Café Bazar

Imagine walking into a bar and finding two dozen of the most talented composers from around the world staring back at you.

Imagine walking into a bar and finding two dozen of the most talented composers from around the world staring back at you. 

That’s exactly what would’ve happened if you’d stumbled across Salzburg’s Café Bazar in 1922, when many of the top composers of the time travelled to attend performances at the Salzburger Festspiele and the Internationale Kammermusikaufführungen (International Chamber Music Symposium). Somehow or another, the mass of five-lined-staff-paper-wielding-visionaries made their way from the theatre to Café Bazar and decided to form a borderless band of composers, now known as the International Society of Contemporary Music. Still alive and well today, they state on their website, “The International Society of Contemporary Music (ISCM) is a premier forum for the advancement, dissemination and interchange of new music around the world. Through ISCM, our members promote contemporary music in all its varied forms, strengthening musical life in their local contexts and making their music and its creators known to the world.” 

To celebrate the founding of their new society, they resolved to host an inaugural festival in 1923, which would feature works chosen by a panel. In their first application season, they received over 200 applications from 15 nations. 

However, the chamber music symposium which had lured so many composers to Salzburg is now considered Festival No. 0, as it accomplished exactly what they hoped their new society would do: namely, promote new music on the global stage. The program, comprised of all recently created pieces by living composers, is almost difficult to imagine: Richard Strauss, Darius Milhaud, Béla Bartok, Arthur Bliss, Francis Poulenc, Igor Stravinsky, Maurice Ravel, Manuel de Falla, Karol Syzmanowski, Anton Webern, Dame Ethel Smyth, Gustav Holst, Alban Berg, and on and on and on. In four days, one could hear 54 different composers from 16 different countries. Twenty of these composers themselves were present.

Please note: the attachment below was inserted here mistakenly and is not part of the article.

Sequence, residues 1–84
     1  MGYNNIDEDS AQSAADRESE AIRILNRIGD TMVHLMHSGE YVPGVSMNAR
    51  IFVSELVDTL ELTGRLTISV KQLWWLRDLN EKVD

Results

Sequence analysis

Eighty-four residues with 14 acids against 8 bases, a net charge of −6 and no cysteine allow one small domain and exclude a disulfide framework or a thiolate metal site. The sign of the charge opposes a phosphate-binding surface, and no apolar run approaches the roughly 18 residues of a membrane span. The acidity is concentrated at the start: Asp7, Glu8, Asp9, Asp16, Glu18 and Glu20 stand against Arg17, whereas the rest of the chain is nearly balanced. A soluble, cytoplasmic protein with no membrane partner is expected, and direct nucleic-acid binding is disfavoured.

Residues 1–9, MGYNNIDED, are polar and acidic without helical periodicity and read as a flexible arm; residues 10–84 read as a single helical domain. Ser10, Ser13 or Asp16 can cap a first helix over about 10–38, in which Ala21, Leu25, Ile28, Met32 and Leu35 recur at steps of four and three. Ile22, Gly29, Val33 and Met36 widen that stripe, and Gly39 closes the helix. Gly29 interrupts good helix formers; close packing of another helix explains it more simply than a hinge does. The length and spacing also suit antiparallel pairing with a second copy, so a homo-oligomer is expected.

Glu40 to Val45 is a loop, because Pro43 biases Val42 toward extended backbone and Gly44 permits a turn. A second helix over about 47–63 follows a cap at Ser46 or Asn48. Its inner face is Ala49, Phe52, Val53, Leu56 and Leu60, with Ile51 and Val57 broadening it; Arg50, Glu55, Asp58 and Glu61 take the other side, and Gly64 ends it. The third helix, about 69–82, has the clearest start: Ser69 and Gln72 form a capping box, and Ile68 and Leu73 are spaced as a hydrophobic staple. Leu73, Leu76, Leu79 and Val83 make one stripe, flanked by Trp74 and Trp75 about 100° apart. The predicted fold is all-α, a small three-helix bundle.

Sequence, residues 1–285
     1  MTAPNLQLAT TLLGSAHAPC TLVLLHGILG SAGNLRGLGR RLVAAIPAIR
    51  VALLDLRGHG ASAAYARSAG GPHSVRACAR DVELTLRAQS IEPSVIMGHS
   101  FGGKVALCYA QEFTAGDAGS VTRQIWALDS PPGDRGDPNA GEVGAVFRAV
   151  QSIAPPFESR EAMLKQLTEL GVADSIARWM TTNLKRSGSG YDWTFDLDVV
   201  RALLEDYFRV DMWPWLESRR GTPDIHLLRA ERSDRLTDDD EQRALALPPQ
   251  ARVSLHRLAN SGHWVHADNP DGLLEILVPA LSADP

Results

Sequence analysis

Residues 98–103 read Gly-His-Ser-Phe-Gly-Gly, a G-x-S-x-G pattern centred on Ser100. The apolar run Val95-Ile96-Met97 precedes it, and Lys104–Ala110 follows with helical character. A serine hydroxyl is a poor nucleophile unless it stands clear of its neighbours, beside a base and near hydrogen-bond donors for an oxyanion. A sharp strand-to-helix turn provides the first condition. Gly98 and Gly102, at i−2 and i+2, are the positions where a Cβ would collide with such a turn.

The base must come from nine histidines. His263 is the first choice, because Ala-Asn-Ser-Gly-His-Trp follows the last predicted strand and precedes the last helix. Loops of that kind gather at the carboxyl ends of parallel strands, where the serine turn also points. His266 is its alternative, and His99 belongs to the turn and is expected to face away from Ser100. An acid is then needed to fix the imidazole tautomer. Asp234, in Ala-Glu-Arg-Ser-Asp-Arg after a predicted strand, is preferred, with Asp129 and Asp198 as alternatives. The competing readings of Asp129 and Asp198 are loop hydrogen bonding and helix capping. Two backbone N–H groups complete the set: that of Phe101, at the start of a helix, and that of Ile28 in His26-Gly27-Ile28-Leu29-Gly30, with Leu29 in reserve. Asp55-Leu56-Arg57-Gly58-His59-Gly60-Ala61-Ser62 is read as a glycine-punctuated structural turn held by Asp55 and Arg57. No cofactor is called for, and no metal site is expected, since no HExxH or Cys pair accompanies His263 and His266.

Naturally, not everyone was on board with the promotion of an international and modernist approach to music and by 1923, an anti-ISCM society called the Festival of Austrian Contemporary Music had already banded together. Spearheaded by Erich Korngold and Wilhelm Grosz, the concerts featured their own music in addition to works by Zemlinsky, Richard Strauss, and Joseph Marx. Arnold Schönberg, a seemingly strategic businessman, managed to have his pieces performed at both the ISCM and the anti-ISCM festivals. 

It strikes me as remarkable that all of these minds ended up in the same place at the same time essentially by mistake; it’s easy to forget that these geniuses we idolise were just as influenced by their environment as we are today, sought to feel connected to the wider creative realm, and tried to make sense of their place in the world. 

Learning about this open interchange of ideas while watching national borders become more rigid in response to the pandemic, I was inspired to curate a recital program based on the music performed at the first ISCM festivals. In honor of its 100th anniversary, Sholto Kynoch and I performed this Café Bazar program, in a tour of recitals for the Oxford International Song Festival (formerly known as Oxford Lieder Festival) in the spring of 2022. 

As noted below, some of these songs were actually heard in the festival; however, many of the composers only had chamber or solo instrumental music performed. Debussy had already passed away by the time the ICSM was founded, but his influence still resounded in the concert hall. In the spirit of mutli-national influence, we chose to perform three of his dramatic Cinq poèmes de Baudelaire​​​​​​, which he composed after seeing several Wagner operas for the first time at the Bayreuth Festival. 

I have no doubt that they were an opinionated group who often disagreed and frequently disliked what the others had written, but their commitment to open dialogue and forward thinking is what the arts should stand for on a fundamental level. Korngold and Grosz felt that in order to promote Austrian music, they had to separate themselves from the collective experience, but I hope that if they were alive today, they might be able to see that celebrating our differences can help us not only find common ground, but strengthen our individual voices.

For the complete list of music performed in 1922 and 1923 ISCM festivals, visit